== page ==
Here’s a snippet of a fictional conversation between me and a wine writer. I use the term “fictional” because it’s not a word-for-word retelling, but (somewhat shockingly) it’s more-or-less a conversation I’ve had with several people in the wine biz in the past few months.
Me: Hey, good to see you again! How are things?
Wine Writer: Goodgoodgood. Aren’t you quitting your day job?
Me: Yeah, sort of; I’m leaving my IT career late Spring…
WW (cutting me off): How are you making money, exactly?
I’m actually getting sick of these “conversations” (is it really a conversation if the other person only asks you about things that concern them?) – in fact, I might pre-record answers to play back the next time I find myself in one of those; better yet, I’ll get one of those Mr. T talking key-chains and randomly hit the buttons in response to those questions. That would rock; I imagine it would go something like this:
Wine Writer: Aren’t you quitting your day job?
Me (holding up Mr. T key-chain): Please pose that question to my spokesperson [ presses button on key-chain ].
Mr. T key-chain: QUIT YOUR JIBBA-JABBA, FOOL!
If someone is going to pry into my life’s intimate details, I prefer that they at least ask about me or my family first and pretend to care about me on some personal level (lesson one about the new world of social media: you should actually try to be social). As most any 1WD reader can tell you, I don’t know exactly how I’m going to be making a living yet – that’s basically what this series of blog posts is chronicling, so everyone will know those details very shortly after I do – but the truth is that I already have the single most important thing needed for chasing dreams (like switching careers or traveling the world):
It’s called Time.
And to get time, I needed to have money. Already…
I guessed several years ago that this day (when I would leave my IT career) was coming. My middle name is not Nostradamus, but I grew up with very little money, learned quickly that money = time = freedom, and so when I landed lucrative IT career work I did something that turned out to be very, very lucky in hindsight: I stashed away money like a squirrel prepin’ for Old Man Winter.
Not exactly an amazing secret, right?
And it’s not difficult yo do, but like anything else worthwhile, it’s just difficult to do consistently over a long period of time.
If I had the time to give those asking about my income situation a proper answer, it would look something like the following (mini-rant); it probably sounds preachy, and it has little to do with wine, but it has everything to do with riding the alternating waves of prosperity and tough times in your life. And something tells me that it just might make a difference for a few people out there reading it, so it’s worth taking a chance and posting it.
The simple truth is that if you don’t have the time (and, therefore, the money) to chase your dreams, then it’s not yet time to chase your dreams.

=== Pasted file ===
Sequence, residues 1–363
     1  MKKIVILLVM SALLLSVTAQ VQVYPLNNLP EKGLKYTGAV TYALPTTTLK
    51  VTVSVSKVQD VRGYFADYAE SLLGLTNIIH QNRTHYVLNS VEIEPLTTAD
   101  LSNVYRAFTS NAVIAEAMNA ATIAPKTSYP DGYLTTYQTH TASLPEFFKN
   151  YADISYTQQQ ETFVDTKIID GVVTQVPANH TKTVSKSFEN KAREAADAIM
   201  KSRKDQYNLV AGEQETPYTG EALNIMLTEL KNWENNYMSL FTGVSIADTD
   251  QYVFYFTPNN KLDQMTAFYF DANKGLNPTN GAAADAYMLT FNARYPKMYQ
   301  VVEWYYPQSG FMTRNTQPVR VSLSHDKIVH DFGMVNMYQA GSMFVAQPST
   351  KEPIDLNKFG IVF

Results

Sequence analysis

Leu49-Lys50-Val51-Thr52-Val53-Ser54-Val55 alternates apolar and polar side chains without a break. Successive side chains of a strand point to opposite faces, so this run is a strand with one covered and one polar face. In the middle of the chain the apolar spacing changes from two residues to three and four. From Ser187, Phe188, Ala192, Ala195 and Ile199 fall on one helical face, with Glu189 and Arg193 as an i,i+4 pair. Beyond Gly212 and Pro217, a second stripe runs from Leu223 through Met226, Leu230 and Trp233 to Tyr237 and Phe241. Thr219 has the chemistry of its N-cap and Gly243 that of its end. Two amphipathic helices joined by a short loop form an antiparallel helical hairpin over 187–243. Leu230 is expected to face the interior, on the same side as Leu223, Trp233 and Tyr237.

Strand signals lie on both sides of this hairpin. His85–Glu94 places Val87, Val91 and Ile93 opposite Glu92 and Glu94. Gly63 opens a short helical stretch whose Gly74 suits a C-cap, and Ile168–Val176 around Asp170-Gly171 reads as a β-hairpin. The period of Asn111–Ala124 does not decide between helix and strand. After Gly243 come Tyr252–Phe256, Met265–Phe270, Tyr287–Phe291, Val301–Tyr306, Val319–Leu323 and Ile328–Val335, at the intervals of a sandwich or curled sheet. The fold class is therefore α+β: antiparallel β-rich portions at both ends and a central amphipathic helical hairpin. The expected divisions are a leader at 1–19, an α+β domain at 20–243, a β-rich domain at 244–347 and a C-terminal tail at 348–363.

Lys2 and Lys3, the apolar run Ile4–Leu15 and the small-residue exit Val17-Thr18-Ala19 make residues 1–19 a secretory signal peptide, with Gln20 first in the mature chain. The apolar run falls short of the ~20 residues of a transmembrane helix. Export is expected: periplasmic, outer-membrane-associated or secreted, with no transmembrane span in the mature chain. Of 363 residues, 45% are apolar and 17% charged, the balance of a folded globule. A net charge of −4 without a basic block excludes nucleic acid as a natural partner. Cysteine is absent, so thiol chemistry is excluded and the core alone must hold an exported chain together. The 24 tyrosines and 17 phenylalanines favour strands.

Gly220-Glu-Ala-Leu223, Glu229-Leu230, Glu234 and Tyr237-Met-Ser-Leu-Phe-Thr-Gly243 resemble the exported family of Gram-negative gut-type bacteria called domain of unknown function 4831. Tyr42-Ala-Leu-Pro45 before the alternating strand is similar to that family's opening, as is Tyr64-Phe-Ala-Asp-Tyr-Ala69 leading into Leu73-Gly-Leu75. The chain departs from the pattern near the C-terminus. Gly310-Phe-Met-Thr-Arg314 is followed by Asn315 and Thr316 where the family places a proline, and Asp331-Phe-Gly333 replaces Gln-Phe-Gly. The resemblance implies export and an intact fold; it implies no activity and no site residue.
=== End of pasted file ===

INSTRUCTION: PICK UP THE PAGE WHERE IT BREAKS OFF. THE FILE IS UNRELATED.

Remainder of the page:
It’s the worst-kept secret of Going Pro: spend less than you earn, smartly invest the surplus, and cash in when you hear the pitter-patter of rainy days on the roof of your life, or the distant but compelling clarion call of your dreams. How you handle your money and your career in any field are deeply personal choices, more akin to parenting decisions than to quick self-help action points, probably – but they make all the difference in being able to handle life’s random events and pursue your dreams.
Because of my long-haul personal choices, I’ll be able to support my family from rainy-day savings for about two years with minimal changes to our lifestyle (which isn’t extravagant, but is by no means miserly). That’s because the money never looked like things to me, it always looked like time, like freedom.
While it may be easy to point to my “other” career and say “well, of course you made some money, you were in IT, not wine writing!” you need to bear in mind that there are just as many (if not more) people out of work due to layoffs in IT than there are due to the same in journalism; the case could be made that workers in both fields should have seen the ‘dark clouds’ coming, and once you are over the poverty line the biggest differentiator for your future isn’t the total amount coming in, it’s the difference between what’s coming in and what’s going out.
You have to save money to Go Pro, and saving money takes time, patience, focus and a good relationship with money. Not understanding how you relate to money is like trying to learn about wines based only on numerical scores – it’s not a real relationship, it’s a shortcut that works sometimes but will never lead to true understanding.
Because of my personal choices, I have a decent net worth – I’m not planning on buying a yacht, and the liquid portion of my cache will certainly run out – and thanks to that I can try Going Pro without going crazy, and hopefully with a sober eye (well, as sober as frequent wine-imbibing allows, anyway!) towards doing what’s best for my family, and looking out for the most sustainable/best-fit opportunities for making money in the (vastly) changing wine media world.
It all comes down to having a healthy, sound relationship with money. If you think it’s odd to have a “relationship” with money, consider that the number one cited fight-starter in U.S. marriages is the topic of debt – I’d say not having a good money relationship is the single most effective way to ensure that the rest of your relationships hit the skids as well.
If your current relationship with money sucks donkey butt, then I strongly recommend that you read a book like Trent Hamm’s The Simple Dollar. It might just change your life for the better. It will certainly do you more good than looking to me for quick answers on how to rake in the wine media cash (because there aren’t any – and if there are, I sure as sh*t don’t have them yet)!